FYC decision detrimental to freshman experience, breaks trust with student leaders

In an announcement to student pre-orientation leaders, the First Year Center made it known that for the upcoming year they plan to cut any pre-orientation program that does not have 20 students signed up by June 15, 2016. The FYC also mandated five additional meetings for program leaders, asking leaders to provide more time and energy to plan a program that, in the end, may not happen at all. We at Student Life can’t help but wonder why the FYC is going to such great lengths to limit student experience, something that the center supposedly champions.

The new restrictions on pre-orientation programs hurt the new student experience by greatly limiting the scope of campus involvement new students are exposed to—as nine of 17 pre-os fell below the 20 student threshold this last summer—and putting the undue burden on new students that may sign up for a program that never happens at all.

We are left wondering what will happen to students who buy plane tickets to campus and pay for other expenses ahead of time and then are forced to cancel when their pre-o is cut. When asked about students having already bought plane tickets, FYC Programs Coordinator Andrea Farnan said, “I feel like that’s really hypothetical.”

Additionally, an unreasonable financial burden is placed on new students because larger pre-o’s (e.g. LAUNCH, Wilderness Project) are on average 70 dollars more expensive. The participant cut-off rule would then limit the cheaper options for new students to get to campus early and meet their new classmates. While the FYC says they will offer more scholarships for pre-os because of the cuts, those scholarships will go to the larger pre-o’s that will become unreasonably more competitive.

This is not to say that larger programs do not provide valuable experiences; they certainly do, and as the FYC points out, they have received stellar student satisfaction ratings over the past five years. In the days since the announcement, the FYC has continually harped on the lack of student satisfaction with the smaller pre-o programs, citing five years of survey data as the reason. Student Life obtained last year’s data from four of the under-20 programs, and they indicated that students were phenomenally satisfied. One of last year’s Freshman Press participants described the program, through the survey administered by the First Year Center, as “literally the best thing that’s happened to me in college so far. I wouldn’t have given it away for the world.”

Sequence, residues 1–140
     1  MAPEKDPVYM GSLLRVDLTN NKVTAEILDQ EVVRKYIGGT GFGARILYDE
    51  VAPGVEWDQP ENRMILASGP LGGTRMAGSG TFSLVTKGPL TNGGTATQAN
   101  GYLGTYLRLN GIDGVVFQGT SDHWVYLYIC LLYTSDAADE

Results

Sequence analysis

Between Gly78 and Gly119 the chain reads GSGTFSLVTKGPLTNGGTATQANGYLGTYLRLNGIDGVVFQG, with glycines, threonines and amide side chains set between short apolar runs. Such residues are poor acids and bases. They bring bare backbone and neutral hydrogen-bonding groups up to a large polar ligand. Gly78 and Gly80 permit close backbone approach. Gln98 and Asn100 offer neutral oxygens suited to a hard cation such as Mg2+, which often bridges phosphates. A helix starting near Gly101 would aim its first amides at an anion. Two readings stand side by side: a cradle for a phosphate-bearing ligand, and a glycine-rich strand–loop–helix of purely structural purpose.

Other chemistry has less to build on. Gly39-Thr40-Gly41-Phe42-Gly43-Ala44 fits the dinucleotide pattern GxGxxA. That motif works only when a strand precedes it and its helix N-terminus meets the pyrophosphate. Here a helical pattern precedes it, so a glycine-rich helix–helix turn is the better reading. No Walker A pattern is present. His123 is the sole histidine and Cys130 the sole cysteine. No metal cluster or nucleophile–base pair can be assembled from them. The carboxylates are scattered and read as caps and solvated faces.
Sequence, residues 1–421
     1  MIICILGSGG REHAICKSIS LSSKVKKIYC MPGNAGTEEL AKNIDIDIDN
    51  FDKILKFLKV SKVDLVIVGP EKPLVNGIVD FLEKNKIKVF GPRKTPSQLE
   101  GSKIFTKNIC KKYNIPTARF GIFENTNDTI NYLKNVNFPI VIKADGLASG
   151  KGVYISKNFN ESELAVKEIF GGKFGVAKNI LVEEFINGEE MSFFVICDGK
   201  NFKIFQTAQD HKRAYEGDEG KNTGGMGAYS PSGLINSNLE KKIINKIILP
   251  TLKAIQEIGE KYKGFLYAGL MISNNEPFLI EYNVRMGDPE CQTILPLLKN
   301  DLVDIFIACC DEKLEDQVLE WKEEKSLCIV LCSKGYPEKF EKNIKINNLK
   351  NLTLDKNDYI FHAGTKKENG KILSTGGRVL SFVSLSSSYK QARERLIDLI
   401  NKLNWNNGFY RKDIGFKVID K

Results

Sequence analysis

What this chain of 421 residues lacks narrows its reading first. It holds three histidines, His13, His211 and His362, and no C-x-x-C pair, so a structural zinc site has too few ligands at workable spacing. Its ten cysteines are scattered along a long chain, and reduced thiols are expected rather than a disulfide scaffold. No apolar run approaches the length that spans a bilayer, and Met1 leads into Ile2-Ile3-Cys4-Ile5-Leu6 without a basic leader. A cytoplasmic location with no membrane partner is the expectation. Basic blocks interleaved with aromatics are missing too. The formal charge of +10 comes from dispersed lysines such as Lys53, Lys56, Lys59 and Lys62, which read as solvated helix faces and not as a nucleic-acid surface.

These ratings are admittedly a spike from years past for many small groups, but they indicate an upward trend. The center complicated its own claim that small groups are less successful by describing groups of 15-30 people as “ideal for learning outcomes.”

Smaller programs are also ideal for more introverted students, who would have no interest in mingling with 100+ people their first few days on campus, and offer freshman participants the opportunity to forge multi-year bonds that run deeper than the occasional pre-o reunion.

To help programs reach the minimum participant threshold, the FYC recommends that programs combine with one another before the cancellation date based upon interest—e.g., Campus Comedy could perhaps combine with WU-SLam. This recommendation is a bad idea for a number of reasons, including but not limited to the loss of autonomy on the part of program leaders and, for groups like WU-SLam, social activities like meals are intertwined with writing prompts geared toward small groups.

Yet, the FYC won’t let the programs attract new students on their own volition. Last year, the FYC suddenly decided to enforce a rule that groups were not allowed to advertise their programs individually over social media or otherwise. To placate unhappy program leaders, the FYC promised to promote programs struggling to reach their previous number of participants through the FYC’s Facebook page and class Facebook group. This “advertising” amounted to an over-simplified quiz entitled “What Pre-Orientation Program is for you?” and a handful of images with captions highlighting smaller pre-os. Unlike the center initially promised, not every group that wanted advertising received it; Student Life provided the FYC with photos from the 2014 installation of Freshman Press via email and received no response.

If the First Year Center actually cares about the first year experience, it needs to preserve and value what small programs have to offer.